The third element of Article 38 requires that the performance of the relevant contract or transaction must have been "affected, directly or indirectly, in whole or in part, by the measures imposed under this Regulation". Notably, Article 38 contemplates that the performance of the transaction may be affected "in whole or in part" by the sanctions. Therefore, IMS may resist enforcement of the interest component of the 7071 Award alone if it can establish that that part of the Award was affected by the measures imposed by Regulation 267.

Further, Article 38(2) clarifies that the performance of a contract or transaction shall be regarded as having been affected by the measures imposed by the Regulation where "the existence or content of the claim results directly or indirectly from those measures". For the purposes of the interest during the sanctions period issue, the relevant "claim" is MODSAF's application to enforce the interest component of the 7071 Award in respect of the sanctions period. As Mr Fletcher rightly pointed out, since the Awards pre-dated the sanctions, it is difficult to see how the "existence" of the claim can be said to have resulted from the sanction. However, in response, Mr Smouha submitted that even though the existence of the claim may not have been based on the sanctions, its content (insofar as it concerns interest) did result from the sanctions. I agree. As noted previously, during the sanctions period IMS was precluded from making payments to MODSAF to discharge its liability under the Awards. Thus, insofar as MODSAF seeks interest from IMS in respect of the sanctions period, it is seeking to enforce a liability of IMS whose content (i.e. the quantum of interest) is conditioned by, and in that sense "results directly or indirectly from", the sanctions.

The fourth and fifth elements are relatively straightforward, and I will consider them together. The fourth element simply sets out the consequence of the other components of Article 38(1) being satisfied namely, that the claim "shall not be satisfied". The fifth element is not contentious either. It is common ground that during the relevant period MODSAF was listed as a designated entity in Annex IX of Regulation 267.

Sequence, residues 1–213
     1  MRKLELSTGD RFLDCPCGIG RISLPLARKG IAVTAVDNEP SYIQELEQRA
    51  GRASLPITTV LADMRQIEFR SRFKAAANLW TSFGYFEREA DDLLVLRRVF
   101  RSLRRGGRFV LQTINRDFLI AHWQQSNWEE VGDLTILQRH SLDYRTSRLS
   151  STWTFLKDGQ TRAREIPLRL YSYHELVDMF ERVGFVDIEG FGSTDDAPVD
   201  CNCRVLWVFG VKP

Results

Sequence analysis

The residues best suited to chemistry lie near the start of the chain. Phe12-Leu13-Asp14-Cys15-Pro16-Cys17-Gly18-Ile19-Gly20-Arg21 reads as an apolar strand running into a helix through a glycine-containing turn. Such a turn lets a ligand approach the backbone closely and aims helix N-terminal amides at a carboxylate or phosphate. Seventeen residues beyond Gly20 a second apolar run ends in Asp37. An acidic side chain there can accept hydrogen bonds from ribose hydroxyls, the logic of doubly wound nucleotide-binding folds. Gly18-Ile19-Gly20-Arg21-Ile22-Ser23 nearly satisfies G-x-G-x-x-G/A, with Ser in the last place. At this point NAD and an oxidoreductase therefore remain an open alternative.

For those reasons, I am satisfied that the language of Article 38 supports IMS's contention that, insofar as the interest component of the 7071 Award concerns the period during which MODSAF was a sanctioned entity, the enforcement of the Award is precluded by Article 38.

In my view, that result is reinforced by the purpose of Article 38, which I will now consider.

Regulation 267 does not contain a recital that explains the object or purpose of Article 38. As Mr Smouha pointed out, therefore, for guidance regarding the reason for introducing Article 38 one needs to turn back to Regulation 1110/2008. Regulation 1110/2008 is an earlier version of Regulation 267 which introduced a 'no claims' clause corresponding to Article 38 into the Iranian sanctions regime for the first time. Recital (4) of Regulation 1110 sheds some light on the purpose of Article 38. It reads as follows:

"Regulation (EC) No 423/2007 imposed certain restrictive measures against Iran, in line with Common Position 2007/140/CFSP. As a result, economic operators are exposed to the risk of claims and it is therefore necessary to protect such operators permanently against claims in connection with any contract or other transaction the performance of which was affected by reason of the measures imposed by that Regulation."